3) Vector to vector conversion reconciles the slightly different semantics of different formats and, to some degree, handling coordinate systems. For example, a ‘circle’ command in the original turns into a ‘circle’ command in the translated file. Problems arise when the two formats don’t have corresponding commands. One might approximate it or simulate it with a series of short line segments. 4) Vector to bitmap rasterization is the task of taking an image described in a vector graphics format (shapes) and converting it into a raster image (pixels or dots) for output on a video display or printer, or for storage in a bitmap file format. Rasterization refers to the popular rendering algorithm for displaying three-dimensional shapes on a computer. Real-time applications need to respond immediately to user input, and generally need to produce frame rates of at least 25 frames per second to achieve smooth animation. Rasterization is simply the process of computing the mapping from scene geometry to pixels and does not prescribe a particular way to compute the color of those pixels. Shading, including programmable shading, may be based on physical light transport, or artistic intent. 5) Bitmap to vector conversion is more different than any of the previous types.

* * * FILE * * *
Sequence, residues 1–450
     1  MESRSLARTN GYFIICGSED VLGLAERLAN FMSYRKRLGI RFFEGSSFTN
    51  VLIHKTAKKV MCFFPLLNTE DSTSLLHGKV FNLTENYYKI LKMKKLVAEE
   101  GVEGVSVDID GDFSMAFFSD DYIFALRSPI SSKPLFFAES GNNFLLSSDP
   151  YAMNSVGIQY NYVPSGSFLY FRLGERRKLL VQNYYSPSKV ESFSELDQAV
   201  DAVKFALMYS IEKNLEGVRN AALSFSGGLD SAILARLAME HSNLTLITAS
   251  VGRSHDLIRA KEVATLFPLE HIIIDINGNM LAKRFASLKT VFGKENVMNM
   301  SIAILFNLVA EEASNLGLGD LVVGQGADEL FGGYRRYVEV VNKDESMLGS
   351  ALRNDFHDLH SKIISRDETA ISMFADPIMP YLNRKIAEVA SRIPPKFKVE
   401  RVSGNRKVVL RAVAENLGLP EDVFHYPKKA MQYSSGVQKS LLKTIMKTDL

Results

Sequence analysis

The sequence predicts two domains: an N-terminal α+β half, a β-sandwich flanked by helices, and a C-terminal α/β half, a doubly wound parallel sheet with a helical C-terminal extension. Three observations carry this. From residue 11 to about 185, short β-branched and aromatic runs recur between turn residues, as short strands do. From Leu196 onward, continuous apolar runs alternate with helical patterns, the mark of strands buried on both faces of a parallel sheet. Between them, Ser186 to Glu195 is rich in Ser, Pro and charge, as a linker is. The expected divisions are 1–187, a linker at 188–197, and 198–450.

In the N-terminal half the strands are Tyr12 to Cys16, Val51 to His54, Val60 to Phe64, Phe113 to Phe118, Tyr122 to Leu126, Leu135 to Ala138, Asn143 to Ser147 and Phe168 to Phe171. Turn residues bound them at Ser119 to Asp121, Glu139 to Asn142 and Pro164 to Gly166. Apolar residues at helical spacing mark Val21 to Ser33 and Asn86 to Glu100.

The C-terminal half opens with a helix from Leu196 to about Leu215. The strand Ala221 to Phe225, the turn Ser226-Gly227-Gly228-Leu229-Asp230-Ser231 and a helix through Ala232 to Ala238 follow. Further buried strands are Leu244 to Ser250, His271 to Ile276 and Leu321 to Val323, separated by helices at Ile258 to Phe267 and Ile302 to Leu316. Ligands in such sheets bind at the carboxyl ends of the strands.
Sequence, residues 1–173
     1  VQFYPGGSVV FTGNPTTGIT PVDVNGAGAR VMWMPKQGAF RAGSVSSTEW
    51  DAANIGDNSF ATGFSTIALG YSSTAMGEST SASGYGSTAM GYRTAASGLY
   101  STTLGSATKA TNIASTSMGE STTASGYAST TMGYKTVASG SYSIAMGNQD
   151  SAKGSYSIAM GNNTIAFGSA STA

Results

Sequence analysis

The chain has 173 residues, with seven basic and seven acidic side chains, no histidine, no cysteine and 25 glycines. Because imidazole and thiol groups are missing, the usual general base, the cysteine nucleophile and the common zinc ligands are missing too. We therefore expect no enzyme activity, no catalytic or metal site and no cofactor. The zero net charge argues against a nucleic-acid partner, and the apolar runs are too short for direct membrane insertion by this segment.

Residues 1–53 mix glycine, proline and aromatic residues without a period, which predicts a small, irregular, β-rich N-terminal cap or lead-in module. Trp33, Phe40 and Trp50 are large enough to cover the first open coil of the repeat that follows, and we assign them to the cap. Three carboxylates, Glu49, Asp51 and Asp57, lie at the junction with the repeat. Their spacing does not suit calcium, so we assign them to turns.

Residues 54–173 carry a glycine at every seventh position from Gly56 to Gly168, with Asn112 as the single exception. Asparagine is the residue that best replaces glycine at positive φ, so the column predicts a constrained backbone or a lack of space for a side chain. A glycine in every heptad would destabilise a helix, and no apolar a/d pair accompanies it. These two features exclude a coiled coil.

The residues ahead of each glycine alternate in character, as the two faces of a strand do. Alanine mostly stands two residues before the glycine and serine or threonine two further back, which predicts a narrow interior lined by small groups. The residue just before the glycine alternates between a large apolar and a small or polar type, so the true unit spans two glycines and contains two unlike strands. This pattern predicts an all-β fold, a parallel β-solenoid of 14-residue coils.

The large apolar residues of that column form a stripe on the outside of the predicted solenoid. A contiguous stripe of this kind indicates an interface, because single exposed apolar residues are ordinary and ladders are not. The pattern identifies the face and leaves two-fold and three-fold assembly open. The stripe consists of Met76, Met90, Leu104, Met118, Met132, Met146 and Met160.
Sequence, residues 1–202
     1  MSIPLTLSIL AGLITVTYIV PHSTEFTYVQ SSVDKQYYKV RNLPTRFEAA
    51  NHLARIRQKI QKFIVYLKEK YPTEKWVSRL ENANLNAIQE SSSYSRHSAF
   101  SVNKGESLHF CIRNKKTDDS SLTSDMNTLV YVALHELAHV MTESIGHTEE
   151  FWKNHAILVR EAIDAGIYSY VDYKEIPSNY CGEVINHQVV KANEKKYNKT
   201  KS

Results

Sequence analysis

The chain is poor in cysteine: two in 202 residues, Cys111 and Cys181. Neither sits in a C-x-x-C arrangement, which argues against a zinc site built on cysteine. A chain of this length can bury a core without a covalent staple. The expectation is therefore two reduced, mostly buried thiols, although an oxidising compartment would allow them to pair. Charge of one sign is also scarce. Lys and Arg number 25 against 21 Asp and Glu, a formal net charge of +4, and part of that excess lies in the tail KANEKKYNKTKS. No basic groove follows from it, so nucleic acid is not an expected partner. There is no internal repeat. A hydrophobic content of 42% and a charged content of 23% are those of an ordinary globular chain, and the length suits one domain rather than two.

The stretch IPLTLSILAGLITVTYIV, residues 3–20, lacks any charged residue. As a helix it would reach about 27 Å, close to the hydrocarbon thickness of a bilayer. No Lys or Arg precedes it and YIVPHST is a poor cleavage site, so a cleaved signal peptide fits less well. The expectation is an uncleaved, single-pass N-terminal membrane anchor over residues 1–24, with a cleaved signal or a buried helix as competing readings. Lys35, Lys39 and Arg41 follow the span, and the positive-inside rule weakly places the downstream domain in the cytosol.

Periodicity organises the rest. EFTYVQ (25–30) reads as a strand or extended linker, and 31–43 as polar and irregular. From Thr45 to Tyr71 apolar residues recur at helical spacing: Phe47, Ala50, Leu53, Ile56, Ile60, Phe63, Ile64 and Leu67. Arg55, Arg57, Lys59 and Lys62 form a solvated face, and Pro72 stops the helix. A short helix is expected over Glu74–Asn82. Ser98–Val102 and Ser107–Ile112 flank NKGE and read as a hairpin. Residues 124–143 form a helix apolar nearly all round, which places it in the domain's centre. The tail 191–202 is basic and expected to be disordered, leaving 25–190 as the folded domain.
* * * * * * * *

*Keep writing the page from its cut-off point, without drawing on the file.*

Determining a File Format ․ A frequent problem in graphics file processing is determining the format of a particular file. The easiest but least reliable way to do so is to use the file’s extension. On most systems, a PCX file name ends with.PCX, a TIFF file with.TIF or.TIFF and what not. A more reliable technique is what’s known as the magic number approach. Nearly all file formats have an identifiable byte string, either by deliberate design or by fortunate coincidence, at or near the beginning of the file. ․ A table of common types and magic numbers follows. The length and offset are in decimal, with offset 0 being the beginning of the file. The magic numbers are written as pairs of characters, meaning hex byte values, or as single character, meaning the literal ASCII characters, and are written in the actual order the bytes appear in the file.